NeuroMolecular Medicine

, Volume 14, Issue 3, pp 180–193

Cognition in Obstructive Sleep Apnea-Hypopnea Syndrome (OSAS): Current Clinical Knowledge and the Impact of Treatment

  • Stephanie A. Kielb
  • Sonia Ancoli-Israel
  • George W. Rebok
  • Adam P. Spira
Review Paper

DOI: 10.1007/s12017-012-8182-1

Cite this article as:
Kielb, S.A., Ancoli-Israel, S., Rebok, G.W. et al. Neuromol Med (2012) 14: 180. doi:10.1007/s12017-012-8182-1

Abstract

Obstructive sleep apnea-hypopnea syndrome (OSAS) is characterized by the presence of disordered breathing events that occur during sleep, as well as symptoms such as sleepiness and snoring. OSAS is associated with a number of adverse health consequences, and a growing literature focuses on its cognitive correlates. Although research in this field is mixed, multiple studies indicate that OSAS patients show impairment in attention, memory, and executive function. Continuous positive airway pressure (CPAP) is the most effective and widely used treatment of OSAS, and supplemental medications may supplement CPAP treatment to ameliorate associated symptoms. Here, we review the literature on OSAS and cognition, including studies that have investigated the impact of CPAP and stimulant medication on cognitive performance in patients with OSAS. In general, no consistent effect of CPAP use on cognitive performance was evident. This may be due, in part, to variability in study design and sampling methodology across studies. Studies of stimulant medications generally reported positive effects on cognitive performance. We conclude with a discussion of the mechanisms that have been proposed to explain cognitive dysfunction in OSAS and directions for future research.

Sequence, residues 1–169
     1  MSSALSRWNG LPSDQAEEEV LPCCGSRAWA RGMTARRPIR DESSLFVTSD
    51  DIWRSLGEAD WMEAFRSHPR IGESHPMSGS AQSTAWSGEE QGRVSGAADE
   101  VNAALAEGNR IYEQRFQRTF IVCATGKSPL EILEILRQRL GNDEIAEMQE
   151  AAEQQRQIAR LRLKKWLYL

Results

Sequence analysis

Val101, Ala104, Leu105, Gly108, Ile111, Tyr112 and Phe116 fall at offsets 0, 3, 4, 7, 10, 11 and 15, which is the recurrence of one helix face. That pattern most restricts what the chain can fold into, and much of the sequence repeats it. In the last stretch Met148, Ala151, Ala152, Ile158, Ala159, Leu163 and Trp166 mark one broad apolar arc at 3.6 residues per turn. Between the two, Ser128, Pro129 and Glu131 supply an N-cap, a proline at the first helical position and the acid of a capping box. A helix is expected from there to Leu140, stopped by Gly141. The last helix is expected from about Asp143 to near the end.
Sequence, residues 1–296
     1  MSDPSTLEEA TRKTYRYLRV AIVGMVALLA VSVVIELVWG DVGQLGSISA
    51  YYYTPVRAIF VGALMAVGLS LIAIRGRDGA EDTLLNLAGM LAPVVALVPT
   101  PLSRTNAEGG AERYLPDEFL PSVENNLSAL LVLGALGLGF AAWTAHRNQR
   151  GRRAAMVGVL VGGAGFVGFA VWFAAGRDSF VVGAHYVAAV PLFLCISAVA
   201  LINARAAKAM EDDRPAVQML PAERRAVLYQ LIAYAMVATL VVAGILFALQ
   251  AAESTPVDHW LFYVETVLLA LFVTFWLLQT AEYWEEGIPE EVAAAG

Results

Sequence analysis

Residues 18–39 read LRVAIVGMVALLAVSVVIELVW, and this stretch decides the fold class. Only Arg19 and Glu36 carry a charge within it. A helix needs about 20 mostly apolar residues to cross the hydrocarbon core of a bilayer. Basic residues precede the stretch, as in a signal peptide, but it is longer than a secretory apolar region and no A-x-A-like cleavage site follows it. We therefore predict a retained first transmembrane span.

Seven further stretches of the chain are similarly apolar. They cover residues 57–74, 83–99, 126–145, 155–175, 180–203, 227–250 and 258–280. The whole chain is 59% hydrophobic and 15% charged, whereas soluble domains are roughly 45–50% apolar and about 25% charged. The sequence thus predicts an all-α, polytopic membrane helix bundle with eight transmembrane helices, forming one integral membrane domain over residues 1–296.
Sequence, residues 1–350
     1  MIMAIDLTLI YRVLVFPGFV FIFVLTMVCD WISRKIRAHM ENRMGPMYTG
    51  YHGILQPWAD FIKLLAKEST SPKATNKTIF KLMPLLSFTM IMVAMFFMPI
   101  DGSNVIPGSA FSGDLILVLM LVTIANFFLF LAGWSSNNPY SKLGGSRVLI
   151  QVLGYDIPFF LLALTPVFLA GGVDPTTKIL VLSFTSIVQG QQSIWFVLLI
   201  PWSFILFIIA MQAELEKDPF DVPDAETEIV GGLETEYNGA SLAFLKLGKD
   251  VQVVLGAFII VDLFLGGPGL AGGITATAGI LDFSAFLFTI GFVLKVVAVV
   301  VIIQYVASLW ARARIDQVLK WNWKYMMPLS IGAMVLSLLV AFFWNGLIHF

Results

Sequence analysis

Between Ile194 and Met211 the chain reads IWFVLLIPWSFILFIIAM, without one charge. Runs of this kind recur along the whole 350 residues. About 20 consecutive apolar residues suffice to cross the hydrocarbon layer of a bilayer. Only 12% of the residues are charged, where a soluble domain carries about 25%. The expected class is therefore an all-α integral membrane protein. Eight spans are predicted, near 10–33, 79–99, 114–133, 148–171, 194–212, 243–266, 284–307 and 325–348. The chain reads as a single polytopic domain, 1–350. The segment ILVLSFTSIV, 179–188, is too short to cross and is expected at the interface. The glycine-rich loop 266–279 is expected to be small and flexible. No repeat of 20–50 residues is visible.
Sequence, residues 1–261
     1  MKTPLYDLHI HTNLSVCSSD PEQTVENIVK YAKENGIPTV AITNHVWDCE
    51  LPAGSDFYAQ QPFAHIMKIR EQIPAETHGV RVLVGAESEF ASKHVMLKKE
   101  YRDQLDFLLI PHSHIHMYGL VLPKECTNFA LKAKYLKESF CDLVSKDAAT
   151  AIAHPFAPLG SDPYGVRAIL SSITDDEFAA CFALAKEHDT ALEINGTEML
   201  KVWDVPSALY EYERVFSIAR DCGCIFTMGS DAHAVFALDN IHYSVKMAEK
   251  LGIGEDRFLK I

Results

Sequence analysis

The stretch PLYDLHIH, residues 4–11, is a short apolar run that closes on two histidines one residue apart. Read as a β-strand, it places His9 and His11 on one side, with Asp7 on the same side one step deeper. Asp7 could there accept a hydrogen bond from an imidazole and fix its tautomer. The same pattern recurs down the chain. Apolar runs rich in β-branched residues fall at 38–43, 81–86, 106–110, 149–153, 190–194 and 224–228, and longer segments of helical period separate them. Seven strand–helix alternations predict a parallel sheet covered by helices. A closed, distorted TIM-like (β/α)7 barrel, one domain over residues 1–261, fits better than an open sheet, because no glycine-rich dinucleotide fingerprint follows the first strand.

Keywords

Obstructive sleep apnea Cognition CPAP Stimulant 

Copyright information

© Springer Science+Business Media, LLC 2012

Authors and Affiliations

  • Stephanie A. Kielb
    • 1
  • Sonia Ancoli-Israel
    • 2
  • George W. Rebok
    • 3
  • Adam P. Spira
    • 3
  1. 1.Department of NeurologyJohns Hopkins School of MedicineBaltimoreUSA
  2. 2.Departments of Psychiatry and MedicineUniversity of CaliforniaSan DiegoUSA
  3. 3.Department of Mental HealthJohns Hopkins Bloomberg School of Public HealthBaltimoreUSA

Personalised recommendations